Comments on Impact of FTAs on Procurement Markets Requested

The Department of Commerce and the Office of the United States Trade Representative are conducting industry outreach to better understand how the government’s procurement obligations under free trade agreements and the World Trade Organization Agreement on Government Procurement affect manufacturer and supplier access to the domestic government procurement process.

Also, because reciprocal access to trading partner markets is an important motivation for including government procurement obligations in FTAs, the agencies are also seeking information about the costs and benefits of these obligations for manufacturers and suppliers.

The access provided by the FTAs in foreign markets to U.S. manufacturers and suppliers is based on reciprocity, and discussing the impact of these agreements on the access that U.S. goods receive in foreign government procurement markets will help inform whether the access is truly reciprocal.

The request for comments was issued pursuant to Executive Order 13788, Buy American and Hire American, which directs the Department and the OUSTR to assess the impacts of the FTAs on the operation of Buy American laws, including their impacts on the implementation of domestic procurement preferences.

Comments are due September 18, 2017. The RFC includes a list of specific questions. See 82 FR 39561 for the text of the notice.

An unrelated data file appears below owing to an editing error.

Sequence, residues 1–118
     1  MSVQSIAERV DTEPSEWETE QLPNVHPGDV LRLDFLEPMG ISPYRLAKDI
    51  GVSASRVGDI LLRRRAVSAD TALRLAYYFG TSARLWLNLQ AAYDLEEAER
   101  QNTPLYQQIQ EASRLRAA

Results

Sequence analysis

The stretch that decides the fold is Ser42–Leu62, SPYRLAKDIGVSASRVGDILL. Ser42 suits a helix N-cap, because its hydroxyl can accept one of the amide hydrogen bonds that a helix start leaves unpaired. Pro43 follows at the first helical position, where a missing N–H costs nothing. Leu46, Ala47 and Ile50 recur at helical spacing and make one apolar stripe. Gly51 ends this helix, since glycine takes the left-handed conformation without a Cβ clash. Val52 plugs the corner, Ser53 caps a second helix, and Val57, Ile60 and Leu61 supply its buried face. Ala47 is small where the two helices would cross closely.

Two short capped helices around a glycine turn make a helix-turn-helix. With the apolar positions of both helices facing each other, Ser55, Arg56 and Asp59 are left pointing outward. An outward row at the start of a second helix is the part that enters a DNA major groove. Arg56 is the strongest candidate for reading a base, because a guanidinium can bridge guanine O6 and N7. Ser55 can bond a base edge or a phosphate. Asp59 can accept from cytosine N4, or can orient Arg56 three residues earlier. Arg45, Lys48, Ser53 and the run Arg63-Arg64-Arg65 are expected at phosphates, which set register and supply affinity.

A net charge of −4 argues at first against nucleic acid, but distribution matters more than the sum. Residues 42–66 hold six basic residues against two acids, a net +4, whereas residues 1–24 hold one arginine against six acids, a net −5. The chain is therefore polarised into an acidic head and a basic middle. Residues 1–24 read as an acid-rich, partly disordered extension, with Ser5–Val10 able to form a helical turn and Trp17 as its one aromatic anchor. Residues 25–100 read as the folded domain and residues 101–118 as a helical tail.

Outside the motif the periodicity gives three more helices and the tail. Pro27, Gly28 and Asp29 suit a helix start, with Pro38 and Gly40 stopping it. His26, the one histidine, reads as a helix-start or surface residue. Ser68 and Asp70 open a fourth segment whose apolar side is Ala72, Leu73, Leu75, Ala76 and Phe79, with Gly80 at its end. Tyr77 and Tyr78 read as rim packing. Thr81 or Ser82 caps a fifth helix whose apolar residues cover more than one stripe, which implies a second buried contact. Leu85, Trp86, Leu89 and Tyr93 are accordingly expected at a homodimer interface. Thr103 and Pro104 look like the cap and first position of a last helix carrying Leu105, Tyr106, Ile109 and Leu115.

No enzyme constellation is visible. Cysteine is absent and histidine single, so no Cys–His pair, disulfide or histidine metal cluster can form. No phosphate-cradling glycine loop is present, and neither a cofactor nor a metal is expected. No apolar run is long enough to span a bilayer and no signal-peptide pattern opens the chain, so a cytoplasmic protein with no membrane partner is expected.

About William Van Huis

Bill Van Huis is a Senior Writer/Analyst for Wolters Kluwer Law & Business who tracks and analyzes new regulations impacting federal government contracting. He also follows court decisions involving bid protests and contract disputes. You can find his work in WK publications like Government Contract Reports and the FAR and DFARS Matrix Tools. Bill is a Certified Professional Contracts Manager, and he has a law degree from Southern Illinois University, where he graduated summa cum laude. Prior to joining WK, Bill worked both inside and outside state and local government in the areas of procurement and municipal finance. Bill also worked as a staff attorney for the Illinois Supreme Court.
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